I heard from another post that the microwave oven background radiation from the dawn of the universe can be used as a vantage point on the universe, but since it is everywhere how can it be used as a point of view from which to look “down” on the whole universe?
Microwave ovens have nothing to do with the Cosmic Microwave Background radiation.
The CMB is essentially an ‘echo’ of the Big Bang and as such is about as far back in time that we can look and get information (IIRC the CMB represents something like 300,000 years post Big Bang but don’t hold me to that). The background radiation is not even but shows irregularities. What we are seeing is the ‘surface of last scattering’. Before that the Universe was opaque so we can’t peer into what was going on. Still, by looking at the CMB and looking at what is around us today scientists can start drawing conclusions about how the Universe evolved.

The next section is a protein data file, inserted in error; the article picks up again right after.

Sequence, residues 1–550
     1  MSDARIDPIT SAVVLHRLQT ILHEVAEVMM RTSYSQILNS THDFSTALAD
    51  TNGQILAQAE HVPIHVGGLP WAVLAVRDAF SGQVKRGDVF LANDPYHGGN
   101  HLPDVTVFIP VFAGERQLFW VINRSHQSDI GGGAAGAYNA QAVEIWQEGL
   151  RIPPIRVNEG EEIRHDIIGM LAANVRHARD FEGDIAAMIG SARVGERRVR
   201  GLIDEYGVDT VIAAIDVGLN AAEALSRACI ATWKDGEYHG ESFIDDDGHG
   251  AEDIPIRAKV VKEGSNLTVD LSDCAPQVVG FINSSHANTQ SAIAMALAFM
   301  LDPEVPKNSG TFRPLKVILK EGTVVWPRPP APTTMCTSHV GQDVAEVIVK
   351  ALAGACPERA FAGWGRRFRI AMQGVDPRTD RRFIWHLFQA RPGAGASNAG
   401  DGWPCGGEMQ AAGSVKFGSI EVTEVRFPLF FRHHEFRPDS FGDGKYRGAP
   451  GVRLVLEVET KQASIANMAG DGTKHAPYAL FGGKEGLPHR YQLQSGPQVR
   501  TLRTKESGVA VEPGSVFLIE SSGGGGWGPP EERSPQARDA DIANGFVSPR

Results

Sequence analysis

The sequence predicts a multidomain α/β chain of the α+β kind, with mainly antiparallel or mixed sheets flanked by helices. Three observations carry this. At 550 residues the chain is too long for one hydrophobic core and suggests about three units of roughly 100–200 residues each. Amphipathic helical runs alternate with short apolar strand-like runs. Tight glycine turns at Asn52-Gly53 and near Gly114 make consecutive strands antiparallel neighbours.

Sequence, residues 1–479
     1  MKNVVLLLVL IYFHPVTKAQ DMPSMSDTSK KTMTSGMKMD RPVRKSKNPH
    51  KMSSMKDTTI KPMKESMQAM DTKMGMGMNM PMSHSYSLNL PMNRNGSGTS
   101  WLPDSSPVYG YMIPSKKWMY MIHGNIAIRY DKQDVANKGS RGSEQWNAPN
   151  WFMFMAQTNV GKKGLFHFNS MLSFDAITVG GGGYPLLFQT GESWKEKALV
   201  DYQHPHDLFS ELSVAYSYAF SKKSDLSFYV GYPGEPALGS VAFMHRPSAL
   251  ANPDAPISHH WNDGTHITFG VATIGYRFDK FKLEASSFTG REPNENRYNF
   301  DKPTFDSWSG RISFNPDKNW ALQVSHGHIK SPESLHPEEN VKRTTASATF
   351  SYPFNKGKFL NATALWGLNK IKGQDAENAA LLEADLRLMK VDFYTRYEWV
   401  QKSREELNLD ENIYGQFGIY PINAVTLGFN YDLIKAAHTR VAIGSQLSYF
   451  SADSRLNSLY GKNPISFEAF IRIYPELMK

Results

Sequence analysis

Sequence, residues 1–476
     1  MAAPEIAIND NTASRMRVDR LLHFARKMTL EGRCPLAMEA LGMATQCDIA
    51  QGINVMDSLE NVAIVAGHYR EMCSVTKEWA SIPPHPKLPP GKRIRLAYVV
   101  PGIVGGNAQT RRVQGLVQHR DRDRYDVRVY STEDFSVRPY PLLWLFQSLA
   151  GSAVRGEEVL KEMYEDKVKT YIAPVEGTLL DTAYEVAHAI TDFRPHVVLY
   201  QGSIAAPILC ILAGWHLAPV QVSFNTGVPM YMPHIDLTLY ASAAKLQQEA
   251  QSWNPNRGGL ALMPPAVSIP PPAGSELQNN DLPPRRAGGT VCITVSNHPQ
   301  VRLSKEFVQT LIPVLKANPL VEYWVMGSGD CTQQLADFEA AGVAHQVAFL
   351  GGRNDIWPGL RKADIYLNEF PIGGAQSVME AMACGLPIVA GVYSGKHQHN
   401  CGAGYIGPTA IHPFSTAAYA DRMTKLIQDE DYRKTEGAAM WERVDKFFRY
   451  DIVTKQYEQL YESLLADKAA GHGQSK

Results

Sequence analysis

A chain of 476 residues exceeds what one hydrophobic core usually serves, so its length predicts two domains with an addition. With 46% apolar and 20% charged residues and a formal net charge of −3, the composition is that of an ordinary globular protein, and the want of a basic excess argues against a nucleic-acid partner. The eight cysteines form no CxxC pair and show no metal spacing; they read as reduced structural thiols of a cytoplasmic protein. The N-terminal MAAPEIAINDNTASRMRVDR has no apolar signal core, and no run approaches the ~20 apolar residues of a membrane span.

Mainly because it’s what’s left over of the big bang. The universe started out very small and very hot, billions of degrees. It’s been expanding and cooling for the past 15 or so billion years, and this 3 degree kelvin radiation is what’s left of that heat. Take what you know about it, and plot it backwards through time and you gain a pretty good understanding of the early universe.
The Cosmic Microwave Background (CMB) does not define a specific point in the universe, but it does define a reference frame so you can measure velocities against the CMB frame. The reason is Doppler shift; if you are moving relative to the CMB frame, the CMB will appear blueshifted on one part of the sky and redshifted on the opposite side.